If my last post was written in a state of culture shock induced delirium, this second post is written in a state of culture awe and relish. In the past two weeks, I have had the joy of visiting some of the world’s most famous and attractive cities: Paris, Dublin, London, and Amsterdam.
I was wowed by the utter difference among all the cities; the history, the people, the art, the architecture, the food, the landscapes, everything.
Paris is the most beautiful city I have ever seen. I wrote this sentence before seeing the other three cities, and I must say now it is debatable, though Paris is certainly stunning. Everywhere you look, every street you wander down, every building you gaze up at, is striking. Of course the chocolate, pastries, and bread are to die for (and I would, if I lived there to have them every day). The city is so French; not comprable to any other city in any other country. I am struggling to find words to describe it: charming, but at the same time elusive; hurried, but slow; uptight but relaxed; old, set in its ways, but so much young, vibrancy. I would love to go back and explore it more.
The skies. Dublin skies are the biggest, most-blue, most enveloping skies. The clouds are streamy, stringy, yet fluffy white caps on blue waves that are the crisp, clean, skies. The Dublin people are exceptional. They are welcoming, funny, carefree, and a joy to be around. They’ll thank you after every interaction even when you are the one who should do the thanking. Their self-effacing humor is charming, and, needless to say, the accents are delightful. Also, the food in Dublin is amazing. No, they do not consume only potatoes and other bland anomalies. We feasted on delicious lamb stews, soda bread, garlic burgers, Spanish food, butternut squash soup, and chicken pâté paired with apple compote (surprisingly good).
We were also able to visit a village just outside Dublin called Howth. It is one of the most endearing seaside villages. I want to retire there. We climbed to the peak and wandered down the hill that is the town, seaside views all-encompasing. In the distance was one a magical-looking isle before I’d only seen in movies. It was an enchanting afternoon.
I loved London. It reminded me most of the US (which I did not mind, as being away for 3 months will most certainly make the heart grow fonder). It is reminiscent of New York City, but concurrently nothing like it all. Again, the people are lovely. Even the metro system announcers are incredibly polite, letting passengers know to, “Please, mind the gap” when disembarking, and also making announcements just for the sake of letting people know all trains are in good service. It was interesting to see that a lot of Londoners are in fact not British. I heard many languages, accents, and the like, where I expected to be surrounded by posh “Dear boy”’s and “Cheerio”’s. The British ones, though, call everyone “Love” and wish you a “Cheers” on the constant.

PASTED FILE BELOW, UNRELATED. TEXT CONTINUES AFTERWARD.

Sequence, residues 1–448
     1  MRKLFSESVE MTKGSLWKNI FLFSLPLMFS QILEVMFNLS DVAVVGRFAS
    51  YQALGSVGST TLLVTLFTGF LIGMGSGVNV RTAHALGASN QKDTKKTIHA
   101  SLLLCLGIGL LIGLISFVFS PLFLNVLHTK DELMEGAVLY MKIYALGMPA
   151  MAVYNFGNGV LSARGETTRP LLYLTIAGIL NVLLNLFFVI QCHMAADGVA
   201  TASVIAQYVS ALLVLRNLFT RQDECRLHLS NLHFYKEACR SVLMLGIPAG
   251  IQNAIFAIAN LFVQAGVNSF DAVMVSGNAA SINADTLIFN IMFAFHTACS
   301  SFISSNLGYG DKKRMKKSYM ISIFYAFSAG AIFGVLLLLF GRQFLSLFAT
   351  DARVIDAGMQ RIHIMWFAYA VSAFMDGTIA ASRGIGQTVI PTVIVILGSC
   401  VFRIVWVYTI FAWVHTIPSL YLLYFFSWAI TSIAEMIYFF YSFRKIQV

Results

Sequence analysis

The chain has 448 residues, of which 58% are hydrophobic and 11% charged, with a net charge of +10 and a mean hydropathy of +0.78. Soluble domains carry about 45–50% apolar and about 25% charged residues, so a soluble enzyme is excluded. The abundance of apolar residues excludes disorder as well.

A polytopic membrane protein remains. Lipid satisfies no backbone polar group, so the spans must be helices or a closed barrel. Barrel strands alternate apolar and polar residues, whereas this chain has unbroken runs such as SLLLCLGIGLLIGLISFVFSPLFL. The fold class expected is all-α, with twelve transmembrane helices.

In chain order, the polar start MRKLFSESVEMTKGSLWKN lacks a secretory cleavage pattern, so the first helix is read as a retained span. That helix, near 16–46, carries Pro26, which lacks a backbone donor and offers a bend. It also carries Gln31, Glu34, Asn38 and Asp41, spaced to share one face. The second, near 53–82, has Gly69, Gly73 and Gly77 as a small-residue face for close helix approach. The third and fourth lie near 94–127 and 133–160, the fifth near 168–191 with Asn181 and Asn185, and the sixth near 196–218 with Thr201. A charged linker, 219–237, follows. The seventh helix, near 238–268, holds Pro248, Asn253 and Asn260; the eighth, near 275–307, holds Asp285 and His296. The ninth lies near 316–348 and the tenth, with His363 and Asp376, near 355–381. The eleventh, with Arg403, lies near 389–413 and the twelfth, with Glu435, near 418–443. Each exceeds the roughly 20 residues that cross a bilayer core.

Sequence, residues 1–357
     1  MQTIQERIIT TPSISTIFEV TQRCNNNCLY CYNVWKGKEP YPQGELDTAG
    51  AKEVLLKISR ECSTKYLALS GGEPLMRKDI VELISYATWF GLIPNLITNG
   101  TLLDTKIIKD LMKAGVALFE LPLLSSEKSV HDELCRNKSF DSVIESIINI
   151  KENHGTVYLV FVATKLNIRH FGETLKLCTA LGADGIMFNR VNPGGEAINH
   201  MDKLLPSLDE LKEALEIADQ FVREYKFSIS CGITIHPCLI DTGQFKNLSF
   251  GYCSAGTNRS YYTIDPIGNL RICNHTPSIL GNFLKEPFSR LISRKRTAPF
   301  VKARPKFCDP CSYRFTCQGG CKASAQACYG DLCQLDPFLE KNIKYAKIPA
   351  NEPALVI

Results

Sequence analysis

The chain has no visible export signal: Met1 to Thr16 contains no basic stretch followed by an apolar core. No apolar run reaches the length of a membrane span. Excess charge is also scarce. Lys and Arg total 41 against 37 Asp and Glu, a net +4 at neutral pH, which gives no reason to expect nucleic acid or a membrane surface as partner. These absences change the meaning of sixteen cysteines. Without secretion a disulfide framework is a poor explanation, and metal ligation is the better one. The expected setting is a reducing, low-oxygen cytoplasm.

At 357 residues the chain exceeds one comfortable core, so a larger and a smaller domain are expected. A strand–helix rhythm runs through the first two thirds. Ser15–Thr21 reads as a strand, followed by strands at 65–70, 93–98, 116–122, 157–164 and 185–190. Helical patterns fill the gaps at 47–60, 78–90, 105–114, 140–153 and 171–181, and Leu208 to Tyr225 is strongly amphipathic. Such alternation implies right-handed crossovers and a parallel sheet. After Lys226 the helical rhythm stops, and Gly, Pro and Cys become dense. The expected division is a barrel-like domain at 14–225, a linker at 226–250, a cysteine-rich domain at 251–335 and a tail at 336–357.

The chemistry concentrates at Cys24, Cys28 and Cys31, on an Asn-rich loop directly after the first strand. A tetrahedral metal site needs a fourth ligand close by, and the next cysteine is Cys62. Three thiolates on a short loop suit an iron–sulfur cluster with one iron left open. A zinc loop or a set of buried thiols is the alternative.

It was lovely to be in London during the first signs of Spring. We were able to go to their gorgeous parks and see the first flowers blooming and (much to our terror) birds taking flight.
We paid a visit to the queen outside her castle. By visit, of course, I mean we (and hundreds of others) gathered at a safe distance outside her gates and took pictures of her accommodations completely unbeknownst to her majesty.
I would love to go back to the UK. We had to take hour-long bus rides to and from the airport through the country. The countryside is phenomenal. There actually are sheep grazing on rolling green hills and thatched-roof houses, like something out of a storybook.
Amsterdam was our “wildcard” city, if you will. We were originally not supposed to visit, but we messed up our ticketing to London, and had a few days to spare: why not Holland?
I am so glad we did.
Amsterdam is the Venice of Western Europe. 60 miles of canals weave throughout. There are over 1200 bridges and some 600,000 bicycles. It is, for lack of a better word: incredible. Someone else on the internet wrote:
“It may sound like a generic word to describe a place, but Amsterdam epitomizes what Merriam-Webster’s dictionary defines as ‘too extraordinary and improbable to be believed.’”.
And it’s true.
Amsterdam is like a fairytale. The architecture is remarkably charming: townhouses, each one unique as the last, packed next to each other line bicycle-filled streets following meandering canals throughout.